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Old Jun 30, 2012, 7:28 PM   #11
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It would be nice if you can get a structured good foundation on the basics you need to know about taking a photograph. With that foundation you build on it through your personal experiences. Ive never had a photo less in my life, but I sure wish I had. I do things without really thinking about why, which wouldnt happen if I learned why in the first place.
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Old Dec 1, 2012, 9:58 AM   #12
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absolutely agree with just fiddle with it. I, too, am looking into self help type things to help me along with the new SX40hs
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Old Dec 1, 2012, 1:56 PM   #13
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G'day all

Quote:
Originally Posted by Bynx View Post
.... Ive never had a photo less in my life, but I sure wish I had. I do things without really thinking about why, which wouldnt happen if I learned why in the first place.
Over the years I have often struggled with achieving 'something' and doing it the best way I can guess howto - only to find later from someone else the 'easy' way to do it

Equally - I find many of the magazines gloss over certain steps in their tutorials, and that when I try it, it just doesn't seem to work "as it's supposed to work" and my language alters such that my mother would not be impressed ....

So, I come to the above comment again ...
Quote:
Originally Posted by Bynx View Post
It would be nice if you can get a structured good foundation on the basics you need to know about taking a photograph. With that foundation you build on it through your personal experiences.
and I agree 100%

For the many I meet & hear from who say "DIY learning is best - and cheaper ..." I wonder how many of them got their motor car driving licence that way too

Regards, Phil
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Old Dec 5, 2012, 2:07 PM   #14
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It is definitely a "different strokes for different folks" learning situation. I still want to take a photography class sometime, somewhere down the line. UCLA Extension offers at least one of their photography classes on-line and every quarter I look at it and think that this might be the time to finally take it. But I never seem to have the time. There are lots of other Universities and educational institutions that offer courses on-line, UCLA Extension just happens to be the one I'm most familiar with and the one I'm more likely to use (being from L.A.).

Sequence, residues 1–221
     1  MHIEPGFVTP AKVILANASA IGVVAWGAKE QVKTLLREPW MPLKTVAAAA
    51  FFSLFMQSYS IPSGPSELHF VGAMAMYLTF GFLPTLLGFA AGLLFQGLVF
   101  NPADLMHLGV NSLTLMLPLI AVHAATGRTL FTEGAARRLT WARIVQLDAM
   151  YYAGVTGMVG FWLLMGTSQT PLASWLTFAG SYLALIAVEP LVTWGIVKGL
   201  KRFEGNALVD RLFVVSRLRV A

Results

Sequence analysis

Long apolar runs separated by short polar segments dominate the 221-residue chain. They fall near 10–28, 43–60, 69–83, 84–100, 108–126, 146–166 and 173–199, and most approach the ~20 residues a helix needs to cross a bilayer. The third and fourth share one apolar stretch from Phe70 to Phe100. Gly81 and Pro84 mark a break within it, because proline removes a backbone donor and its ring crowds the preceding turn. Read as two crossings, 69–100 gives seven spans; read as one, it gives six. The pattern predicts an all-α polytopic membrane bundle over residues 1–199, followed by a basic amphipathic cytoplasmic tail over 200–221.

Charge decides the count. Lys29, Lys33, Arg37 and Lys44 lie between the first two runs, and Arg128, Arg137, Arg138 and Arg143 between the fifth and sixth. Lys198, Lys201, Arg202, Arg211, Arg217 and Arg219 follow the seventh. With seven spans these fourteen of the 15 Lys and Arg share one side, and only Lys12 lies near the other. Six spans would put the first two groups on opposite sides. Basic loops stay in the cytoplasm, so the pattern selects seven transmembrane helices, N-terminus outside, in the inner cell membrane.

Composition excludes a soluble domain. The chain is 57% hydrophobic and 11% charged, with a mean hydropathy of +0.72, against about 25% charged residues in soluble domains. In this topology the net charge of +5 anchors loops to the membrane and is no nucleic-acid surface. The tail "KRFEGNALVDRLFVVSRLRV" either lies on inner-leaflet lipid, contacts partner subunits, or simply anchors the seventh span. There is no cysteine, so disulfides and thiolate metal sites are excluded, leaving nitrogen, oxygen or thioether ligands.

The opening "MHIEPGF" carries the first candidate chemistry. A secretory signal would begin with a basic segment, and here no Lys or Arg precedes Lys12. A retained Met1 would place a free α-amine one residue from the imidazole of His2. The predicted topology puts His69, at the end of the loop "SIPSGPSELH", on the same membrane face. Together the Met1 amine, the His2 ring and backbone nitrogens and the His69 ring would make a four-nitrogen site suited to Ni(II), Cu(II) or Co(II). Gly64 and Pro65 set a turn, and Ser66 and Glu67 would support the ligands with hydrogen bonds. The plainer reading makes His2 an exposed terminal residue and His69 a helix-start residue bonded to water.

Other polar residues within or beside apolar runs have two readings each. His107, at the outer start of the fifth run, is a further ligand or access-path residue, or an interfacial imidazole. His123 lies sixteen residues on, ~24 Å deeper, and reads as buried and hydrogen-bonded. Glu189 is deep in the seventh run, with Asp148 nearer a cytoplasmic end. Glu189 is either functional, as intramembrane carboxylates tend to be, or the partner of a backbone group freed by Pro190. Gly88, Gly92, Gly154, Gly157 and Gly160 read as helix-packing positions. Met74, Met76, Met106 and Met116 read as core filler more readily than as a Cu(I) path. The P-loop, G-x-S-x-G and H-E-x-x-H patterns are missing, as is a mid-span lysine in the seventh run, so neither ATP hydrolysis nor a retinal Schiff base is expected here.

Much of what I've learned has been through reading books and experimenting, then getting feedback from boards like this. It's not exactly the best method for me because I often find myself stalled or making mistakes and not knowing enough to correct them. But I've learned a great deal from some of them, less from others. I've noticed that other people prefer some of the books I found less useful, and don't like the ones I prefer, so it is an individual thing.

But no matter how you get your knowledge, the only way to make use of it is by practice, practice, practice - or rather, take tons of pictures and then take more.
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Old Dec 7, 2012, 5:23 PM   #15
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Never really taken a course...except a one day course ...the Nikon School photo course. I found it very good....but that was about 30 years ago.

I find that once you have the basics down...the key is....practice, experiment, practice, experiment.

About 40 years ago...as you do... I drove commercial trucks....mostly in the city...but also had country runs. Now I know from experience, truck drivers are very busy...schedules to meet....loads to drop off/pick up and traffic just keeps on getting worse.

But one thing you might want to do is take your camera equipment....safely stored and ready to go in your truck cab. Make sure it's padded and belted in...electronic equipment can be sensitive to vibration and harshness....both of which are present in trucks.

When you have breaks/lunch...brief as it is...you might choose to stop at photogenic areas...if you're able.

Someone once said that some of the best photographers are those that those photographers that have the best scenery in front of their lens.
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